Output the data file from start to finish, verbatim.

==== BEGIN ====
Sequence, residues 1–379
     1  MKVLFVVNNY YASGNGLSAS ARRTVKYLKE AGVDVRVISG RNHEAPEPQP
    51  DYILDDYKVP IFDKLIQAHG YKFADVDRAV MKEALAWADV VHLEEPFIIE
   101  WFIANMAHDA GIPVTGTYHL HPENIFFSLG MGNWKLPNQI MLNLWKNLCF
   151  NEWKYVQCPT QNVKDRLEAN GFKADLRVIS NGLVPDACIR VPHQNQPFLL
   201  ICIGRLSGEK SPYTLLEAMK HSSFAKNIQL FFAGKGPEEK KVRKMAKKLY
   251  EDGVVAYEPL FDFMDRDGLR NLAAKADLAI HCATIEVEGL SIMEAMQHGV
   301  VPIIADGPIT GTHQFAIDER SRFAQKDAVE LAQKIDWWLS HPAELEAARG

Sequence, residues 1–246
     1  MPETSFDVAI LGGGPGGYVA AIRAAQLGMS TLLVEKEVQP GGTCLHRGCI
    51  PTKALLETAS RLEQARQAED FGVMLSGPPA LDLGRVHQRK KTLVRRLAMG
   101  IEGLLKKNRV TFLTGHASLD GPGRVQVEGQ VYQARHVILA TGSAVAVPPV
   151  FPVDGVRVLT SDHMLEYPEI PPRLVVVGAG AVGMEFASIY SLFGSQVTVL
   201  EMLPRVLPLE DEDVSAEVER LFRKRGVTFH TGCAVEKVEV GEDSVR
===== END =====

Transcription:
Sequence, residues 1–379
     1  MKVLFVVNNY YASGNGLSAS ARRTVKYLKE AGVDVRVISG RNHEAPEPQP
    51  DYILDDYKVP IFDKLIQAHG YKFADVDRAV MKEALAWADV VHLEEPFIIE
   101  WFIANMAHDA GIPVTGTYHL HPENIFFSLG MGNWKLPNQI MLNLWKNLCF
   151  NEWKYVQCPT QNVKDRLEAN GFKADLRVIS NGLVPDACIR VPHQNQPFLL
   201  ICIGRLSGEK SPYTLLEAMK HSSFAKNIQL FFAGKGPEEK KVRKMAKKLY
   251  EDGVVAYEPL FDFMDRDGLR NLAAKADLAI HCATIEVEGL SIMEAMQHGV
   301  VPIIADGPIT GTHQFAIDER SRFAQKDAVE LAQKIDWWLS HPAELEAARG

Sequence, residues 1–246
     1  MPETSFDVAI LGGGPGGYVA AIRAAQLGMS TLLVEKEVQP GGTCLHRGCI
    51  PTKALLETAS RLEQARQAED FGVMLSGPPA LDLGRVHQRK KTLVRRLAMG
   101  IEGLLKKNRV TFLTGHASLD GPGRVQVEGQ VYQARHVILA TGSAVAVPPV
   151  FPVDGVRVLT SDHMLEYPEI PPRLVVVGAG AVGMEFASIY SLFGSQVTVL
   201  EMLPRVLPLE DEDVSAEVER LFRKRGVTFH TGCAVEKVEV GEDSVR